stop error, can't boot

Hello, I have W2000 SP2 with most patches. I had to reboot recently after uninstalling Adobe reader and never got back . I’m getting stop error c0000263 Driver entry point not found mrxsmb.sys device driver could not locate entry point RxForceFinalInitializeAllVnetRoots in driver rdbss.sys. Some reading on the net shows lots of problems with these files but everything has worked fine until now. Can I fix this? I do have an image that could be reinstalled but I’d like to figure this out if possible. I can’t boot up in safe mode either. Thanks
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Hi jvf,

may be installing Adobe might have triggered this error.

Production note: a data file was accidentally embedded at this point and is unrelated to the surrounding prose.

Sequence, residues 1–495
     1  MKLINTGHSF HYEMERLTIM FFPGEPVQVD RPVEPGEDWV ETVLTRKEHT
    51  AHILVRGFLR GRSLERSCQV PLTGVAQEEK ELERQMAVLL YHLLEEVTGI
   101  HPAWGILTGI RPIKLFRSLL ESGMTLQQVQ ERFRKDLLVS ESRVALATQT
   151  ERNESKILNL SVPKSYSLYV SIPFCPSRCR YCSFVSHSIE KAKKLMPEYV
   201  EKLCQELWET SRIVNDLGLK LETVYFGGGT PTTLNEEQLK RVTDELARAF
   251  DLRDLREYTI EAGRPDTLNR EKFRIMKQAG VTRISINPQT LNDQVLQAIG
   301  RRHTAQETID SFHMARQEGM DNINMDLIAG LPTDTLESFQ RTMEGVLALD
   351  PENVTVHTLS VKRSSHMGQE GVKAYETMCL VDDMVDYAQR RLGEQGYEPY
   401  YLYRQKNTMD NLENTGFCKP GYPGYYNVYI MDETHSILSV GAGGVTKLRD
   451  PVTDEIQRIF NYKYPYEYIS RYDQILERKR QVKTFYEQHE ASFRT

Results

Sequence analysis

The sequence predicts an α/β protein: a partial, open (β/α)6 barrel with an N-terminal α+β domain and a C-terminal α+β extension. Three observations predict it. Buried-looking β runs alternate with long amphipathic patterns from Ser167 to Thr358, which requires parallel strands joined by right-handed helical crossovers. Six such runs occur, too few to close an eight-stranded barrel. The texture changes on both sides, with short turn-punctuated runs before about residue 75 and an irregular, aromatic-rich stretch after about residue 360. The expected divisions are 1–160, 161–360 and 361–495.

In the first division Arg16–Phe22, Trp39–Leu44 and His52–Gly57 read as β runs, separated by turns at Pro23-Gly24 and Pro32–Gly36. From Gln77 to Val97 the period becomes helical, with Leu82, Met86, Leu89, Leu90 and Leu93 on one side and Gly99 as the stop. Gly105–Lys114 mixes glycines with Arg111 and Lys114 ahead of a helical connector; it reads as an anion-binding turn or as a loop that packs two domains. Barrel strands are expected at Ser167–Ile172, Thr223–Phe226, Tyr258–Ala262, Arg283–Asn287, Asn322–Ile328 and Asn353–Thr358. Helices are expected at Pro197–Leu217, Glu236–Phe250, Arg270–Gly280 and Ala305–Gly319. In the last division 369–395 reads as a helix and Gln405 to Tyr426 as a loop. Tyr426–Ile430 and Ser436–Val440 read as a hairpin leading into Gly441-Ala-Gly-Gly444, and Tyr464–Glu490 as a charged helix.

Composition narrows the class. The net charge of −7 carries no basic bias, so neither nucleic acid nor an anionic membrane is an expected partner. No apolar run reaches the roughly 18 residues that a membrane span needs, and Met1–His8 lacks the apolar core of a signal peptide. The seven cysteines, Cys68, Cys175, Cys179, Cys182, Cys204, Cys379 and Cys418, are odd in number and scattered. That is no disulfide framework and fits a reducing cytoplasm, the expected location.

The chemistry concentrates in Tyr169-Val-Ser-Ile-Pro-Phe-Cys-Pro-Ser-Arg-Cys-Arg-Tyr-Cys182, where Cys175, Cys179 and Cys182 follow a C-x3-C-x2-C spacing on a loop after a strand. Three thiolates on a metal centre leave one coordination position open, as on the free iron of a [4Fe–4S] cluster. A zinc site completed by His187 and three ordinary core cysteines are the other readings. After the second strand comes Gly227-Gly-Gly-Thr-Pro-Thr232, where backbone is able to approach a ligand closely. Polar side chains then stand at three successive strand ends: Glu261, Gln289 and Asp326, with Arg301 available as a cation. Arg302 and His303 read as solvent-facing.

u try uninstalling adobe.
update window with all the latest patches that include sp4.
install Adobe and during installation check out if nothing fails and u do as install wizard ask u to do.
reboot and see if u still see the problem.
Is this a BSOD error or are you getting into Windows and getting the error? I'm just trying to get clear on where you are with this:
a. Can't boot into OS since the uninstall of Adobe?
b. Getting BSOD error at boot?
c. Getting error in Windows after boot?

I'm assuming (A and B) and if so, unless there is some newly added hardware prior to the failed reboot that you can remove, your best bet is to re-image and promptly install SP4. This stop error is well known by MS and was fixed in SP4 [see Q329175]. I know it's not the answer you want to hear, but with your inability to get into safe mode, you aren't in any position to mount an assault here.
jvfAuthor Commented: